Naturally, food-related memories surface when a person is hungry and are temporarily forgotten again after eating, so that thoughts of food are set aside once a person is not hungry anymore. As published on Science Daily, a study by researchers at Macquarie University found that the ability to ‘block out’ memories of food is connected to excessive food intake through the irregularities in the abilities of the hippocampus.
Prior animal studies have revealed that a high-fat, high-sugar, low fruit, low vegetable, and low fiber diet impairs the capacity of the hippocampus to inhibit memories – including that of food – regardless of whether or not a person is hungry.
In the study presented to the Society for the Study of Ingestive Behavior (SSIB), the Macquarie University researchers discussed a research on healthy young people, with a portion of the participants used to eating a Western-style diet. The participants were given learning and memory tests that depend on the use of the hippocampus and were told to rate their liking and wanting of usual snack foods before and after eating a satisfying meal.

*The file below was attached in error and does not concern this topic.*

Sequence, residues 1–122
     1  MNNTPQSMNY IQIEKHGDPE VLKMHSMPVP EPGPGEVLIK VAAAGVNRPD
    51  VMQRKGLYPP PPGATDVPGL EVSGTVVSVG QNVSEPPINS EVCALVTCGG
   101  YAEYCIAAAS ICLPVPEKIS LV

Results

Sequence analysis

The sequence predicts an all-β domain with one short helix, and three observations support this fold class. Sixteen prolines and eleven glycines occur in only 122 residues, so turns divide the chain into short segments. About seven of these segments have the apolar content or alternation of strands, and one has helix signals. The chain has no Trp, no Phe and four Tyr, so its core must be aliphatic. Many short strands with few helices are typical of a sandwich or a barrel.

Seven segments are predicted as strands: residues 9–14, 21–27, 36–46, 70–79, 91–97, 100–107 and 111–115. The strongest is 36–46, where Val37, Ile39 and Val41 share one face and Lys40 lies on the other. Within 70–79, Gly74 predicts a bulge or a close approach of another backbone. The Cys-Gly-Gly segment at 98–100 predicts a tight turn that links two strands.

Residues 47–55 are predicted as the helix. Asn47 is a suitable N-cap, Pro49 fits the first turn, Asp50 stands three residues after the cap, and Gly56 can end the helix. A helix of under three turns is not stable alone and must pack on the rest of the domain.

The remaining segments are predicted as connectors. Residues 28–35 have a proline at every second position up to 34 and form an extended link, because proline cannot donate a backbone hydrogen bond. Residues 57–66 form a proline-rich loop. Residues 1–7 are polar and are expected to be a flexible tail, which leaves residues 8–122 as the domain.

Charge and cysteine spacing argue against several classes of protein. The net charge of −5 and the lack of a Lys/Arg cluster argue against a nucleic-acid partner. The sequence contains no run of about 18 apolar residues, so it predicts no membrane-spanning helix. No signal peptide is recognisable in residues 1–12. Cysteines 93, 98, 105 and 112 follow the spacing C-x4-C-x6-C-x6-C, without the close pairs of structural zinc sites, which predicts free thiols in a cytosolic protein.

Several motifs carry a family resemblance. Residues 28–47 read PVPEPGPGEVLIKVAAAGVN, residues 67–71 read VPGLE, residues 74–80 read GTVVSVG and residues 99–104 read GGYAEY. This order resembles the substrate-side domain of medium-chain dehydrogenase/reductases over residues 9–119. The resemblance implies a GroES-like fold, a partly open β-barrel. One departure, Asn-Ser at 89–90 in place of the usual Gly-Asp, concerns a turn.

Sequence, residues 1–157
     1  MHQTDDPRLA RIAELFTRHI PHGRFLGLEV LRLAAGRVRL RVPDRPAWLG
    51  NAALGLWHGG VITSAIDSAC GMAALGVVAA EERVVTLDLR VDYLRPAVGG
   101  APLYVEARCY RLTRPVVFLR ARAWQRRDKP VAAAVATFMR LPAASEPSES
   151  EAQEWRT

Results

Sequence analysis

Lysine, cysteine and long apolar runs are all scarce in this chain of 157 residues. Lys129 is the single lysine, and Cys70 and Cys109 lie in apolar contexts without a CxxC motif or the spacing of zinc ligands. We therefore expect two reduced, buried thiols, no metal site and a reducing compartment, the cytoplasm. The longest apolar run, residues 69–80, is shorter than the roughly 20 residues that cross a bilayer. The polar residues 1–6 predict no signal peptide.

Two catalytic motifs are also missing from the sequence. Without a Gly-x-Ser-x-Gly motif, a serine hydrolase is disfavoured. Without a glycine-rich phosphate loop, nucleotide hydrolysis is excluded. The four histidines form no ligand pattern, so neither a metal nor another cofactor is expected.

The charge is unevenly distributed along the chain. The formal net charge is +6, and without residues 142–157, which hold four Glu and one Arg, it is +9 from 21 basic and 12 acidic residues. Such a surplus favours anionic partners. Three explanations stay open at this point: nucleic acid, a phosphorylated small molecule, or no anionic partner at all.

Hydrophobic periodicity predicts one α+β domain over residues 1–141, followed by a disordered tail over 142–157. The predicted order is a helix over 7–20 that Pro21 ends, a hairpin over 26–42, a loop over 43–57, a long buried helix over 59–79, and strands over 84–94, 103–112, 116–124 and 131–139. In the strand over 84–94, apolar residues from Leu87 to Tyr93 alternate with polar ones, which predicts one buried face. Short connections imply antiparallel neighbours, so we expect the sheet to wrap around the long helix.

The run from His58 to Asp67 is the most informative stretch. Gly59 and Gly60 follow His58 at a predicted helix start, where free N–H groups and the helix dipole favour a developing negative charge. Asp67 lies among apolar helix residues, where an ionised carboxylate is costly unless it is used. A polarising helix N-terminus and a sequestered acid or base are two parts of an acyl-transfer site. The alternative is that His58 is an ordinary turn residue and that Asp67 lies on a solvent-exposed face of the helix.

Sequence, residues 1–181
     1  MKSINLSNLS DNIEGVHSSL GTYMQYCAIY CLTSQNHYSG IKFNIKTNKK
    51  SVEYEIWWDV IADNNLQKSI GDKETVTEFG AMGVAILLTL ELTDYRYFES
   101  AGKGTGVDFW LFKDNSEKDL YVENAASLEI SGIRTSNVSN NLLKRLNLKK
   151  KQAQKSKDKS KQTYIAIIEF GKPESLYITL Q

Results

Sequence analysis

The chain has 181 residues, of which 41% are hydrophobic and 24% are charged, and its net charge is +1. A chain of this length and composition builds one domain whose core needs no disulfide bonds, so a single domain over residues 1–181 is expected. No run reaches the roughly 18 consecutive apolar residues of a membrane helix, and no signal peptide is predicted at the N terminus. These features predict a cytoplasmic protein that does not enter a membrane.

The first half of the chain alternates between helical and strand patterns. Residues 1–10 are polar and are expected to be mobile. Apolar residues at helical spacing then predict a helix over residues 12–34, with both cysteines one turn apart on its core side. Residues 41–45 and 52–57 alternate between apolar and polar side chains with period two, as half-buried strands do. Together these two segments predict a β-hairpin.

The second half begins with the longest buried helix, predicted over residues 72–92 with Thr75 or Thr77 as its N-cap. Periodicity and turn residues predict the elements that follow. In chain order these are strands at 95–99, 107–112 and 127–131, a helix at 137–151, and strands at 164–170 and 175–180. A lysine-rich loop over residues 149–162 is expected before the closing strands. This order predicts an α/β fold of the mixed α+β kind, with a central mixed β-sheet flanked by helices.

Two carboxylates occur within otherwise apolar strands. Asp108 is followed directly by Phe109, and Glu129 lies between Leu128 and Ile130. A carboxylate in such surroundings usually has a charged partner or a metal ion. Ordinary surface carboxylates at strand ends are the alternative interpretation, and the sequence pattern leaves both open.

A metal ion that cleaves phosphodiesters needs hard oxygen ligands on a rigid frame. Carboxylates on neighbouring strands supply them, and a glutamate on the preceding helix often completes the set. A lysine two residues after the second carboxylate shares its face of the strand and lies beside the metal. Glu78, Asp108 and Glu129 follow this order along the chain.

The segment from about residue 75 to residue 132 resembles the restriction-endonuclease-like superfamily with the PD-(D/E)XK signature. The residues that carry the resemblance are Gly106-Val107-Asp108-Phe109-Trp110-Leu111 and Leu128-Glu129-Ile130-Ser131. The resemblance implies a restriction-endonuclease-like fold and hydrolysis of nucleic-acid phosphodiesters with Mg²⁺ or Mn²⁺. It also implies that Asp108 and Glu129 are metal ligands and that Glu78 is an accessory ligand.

The research revealed that participants used to a Western-type diet found it more difficult to learn and remember as compared to their counterparts who were used to eating a healthier diet – the less healthy participants also showed that their wanting of the snacks did not change much before or after eating, meaning that they wanted the snacks more often than their healthier counterparts.
PhD student leading the study Tuki Attuquayefio stated, “This effect was strongly related to their performance on the learning and memory task, suggesting that there is a link between the two via the hippocampus.” The study concludes that young people who regularly consume high-fat, high-sugar food in their diet may lead to a compromised function of the hippocampus, leading not only to a predisposition to obesity but also to a decline in cognitive ability.
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